As expected there was some healthy development in market access and infrastructure, health, education and living condition of Nepalis but keeping up with the regional trend, Nepal dropped in personal freedom and natural environment measures. While not a major loss in terms of points, these are significant indicators of the changing times.
Nepal’s great income divide, Ramesh Kumar
Mind the gap, Editorial
Prior to the pandemic, prosperity stood at a record high, with 147 out of 167 countries seeing prosperity rise over the last decade, driven by improved health, education, and living conditions, and more open economies. However, weaker personal freedom and deteriorating governance are holding back further improvements in prosperity.
In fact, the improvement seen in the last 12 months had not kept pace with the progress of the previous two years, as Asia-Pacific and Western Europe stalled and North America deteriorated slightly. In addition, stagnating personal freedom and governance around the world is holding back further improvement in prosperity.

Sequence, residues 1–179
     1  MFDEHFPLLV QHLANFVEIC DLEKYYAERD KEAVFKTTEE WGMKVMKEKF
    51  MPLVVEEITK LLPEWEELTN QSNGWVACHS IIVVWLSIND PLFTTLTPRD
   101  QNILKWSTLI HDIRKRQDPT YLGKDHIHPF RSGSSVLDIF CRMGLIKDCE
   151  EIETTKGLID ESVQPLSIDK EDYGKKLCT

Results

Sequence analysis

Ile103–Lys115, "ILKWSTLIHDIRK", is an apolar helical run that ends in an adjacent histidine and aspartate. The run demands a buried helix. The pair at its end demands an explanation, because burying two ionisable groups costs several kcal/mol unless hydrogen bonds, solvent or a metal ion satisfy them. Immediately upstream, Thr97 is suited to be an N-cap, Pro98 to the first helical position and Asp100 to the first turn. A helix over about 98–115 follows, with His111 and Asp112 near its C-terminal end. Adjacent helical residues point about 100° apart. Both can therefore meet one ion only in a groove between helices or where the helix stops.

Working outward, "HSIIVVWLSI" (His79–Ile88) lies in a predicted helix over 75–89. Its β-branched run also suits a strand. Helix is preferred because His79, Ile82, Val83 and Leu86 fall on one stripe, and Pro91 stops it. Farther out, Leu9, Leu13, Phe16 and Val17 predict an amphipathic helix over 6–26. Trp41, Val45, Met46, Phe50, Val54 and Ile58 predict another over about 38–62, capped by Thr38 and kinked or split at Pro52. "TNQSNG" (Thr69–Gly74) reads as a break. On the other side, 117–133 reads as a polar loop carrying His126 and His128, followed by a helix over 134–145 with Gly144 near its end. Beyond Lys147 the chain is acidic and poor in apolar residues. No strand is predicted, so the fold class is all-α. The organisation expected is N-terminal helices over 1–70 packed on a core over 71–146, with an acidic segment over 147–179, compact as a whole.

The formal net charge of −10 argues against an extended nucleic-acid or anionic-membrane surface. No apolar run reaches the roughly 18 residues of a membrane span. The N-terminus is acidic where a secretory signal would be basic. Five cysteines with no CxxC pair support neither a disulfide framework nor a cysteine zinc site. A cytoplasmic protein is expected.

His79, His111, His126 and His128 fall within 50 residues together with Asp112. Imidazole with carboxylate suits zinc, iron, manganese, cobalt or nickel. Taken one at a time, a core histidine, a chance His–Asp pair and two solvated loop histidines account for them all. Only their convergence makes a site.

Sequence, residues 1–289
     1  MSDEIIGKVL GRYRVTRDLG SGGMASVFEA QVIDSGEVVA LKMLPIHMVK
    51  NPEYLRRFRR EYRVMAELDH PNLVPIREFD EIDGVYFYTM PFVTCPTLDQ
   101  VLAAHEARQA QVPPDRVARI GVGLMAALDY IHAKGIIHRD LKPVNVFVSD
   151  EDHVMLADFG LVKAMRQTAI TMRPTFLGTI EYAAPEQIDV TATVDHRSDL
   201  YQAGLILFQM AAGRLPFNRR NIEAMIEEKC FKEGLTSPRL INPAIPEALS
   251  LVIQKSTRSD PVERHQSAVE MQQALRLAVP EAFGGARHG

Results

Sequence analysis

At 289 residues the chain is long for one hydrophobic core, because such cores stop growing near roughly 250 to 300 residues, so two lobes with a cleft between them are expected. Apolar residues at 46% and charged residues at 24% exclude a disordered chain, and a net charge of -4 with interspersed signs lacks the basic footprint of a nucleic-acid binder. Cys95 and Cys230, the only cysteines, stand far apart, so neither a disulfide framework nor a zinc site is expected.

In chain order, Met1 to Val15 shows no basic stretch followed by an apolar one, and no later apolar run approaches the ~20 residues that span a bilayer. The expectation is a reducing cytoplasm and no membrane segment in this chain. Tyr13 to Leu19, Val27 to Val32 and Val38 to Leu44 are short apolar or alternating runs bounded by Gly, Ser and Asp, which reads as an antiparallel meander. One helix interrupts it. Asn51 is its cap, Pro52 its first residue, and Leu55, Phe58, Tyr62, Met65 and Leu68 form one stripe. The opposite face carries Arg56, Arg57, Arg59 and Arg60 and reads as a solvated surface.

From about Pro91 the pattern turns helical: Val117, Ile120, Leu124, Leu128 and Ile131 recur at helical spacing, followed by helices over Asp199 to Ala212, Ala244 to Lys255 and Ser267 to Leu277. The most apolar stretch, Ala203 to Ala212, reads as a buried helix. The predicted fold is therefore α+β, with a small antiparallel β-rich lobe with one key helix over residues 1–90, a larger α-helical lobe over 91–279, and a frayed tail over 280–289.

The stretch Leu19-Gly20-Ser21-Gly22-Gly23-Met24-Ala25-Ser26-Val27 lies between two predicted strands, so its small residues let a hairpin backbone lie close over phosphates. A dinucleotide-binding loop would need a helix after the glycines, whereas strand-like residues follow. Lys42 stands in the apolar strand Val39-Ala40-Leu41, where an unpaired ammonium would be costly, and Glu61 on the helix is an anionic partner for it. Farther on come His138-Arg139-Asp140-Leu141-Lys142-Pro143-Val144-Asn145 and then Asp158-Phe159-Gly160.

“There is never a good time for a worldwide health crisis, but if there has to be one, the progress that has been made over the last decade provides emerging nations with a better context in which to tackle it. But the Western world must beware the trap of falling into a mindset of an overdeveloped society, vulnerable to entitlement and complacency,” says CEO of the Legatum Institute Philippa Stroud.
She adds: “Never has it been more important for leaders to recognise the holistic nature of prosperity and make strategic choices to further build inclusive societies and more open economies, and to improve the lived experience of all citizens.”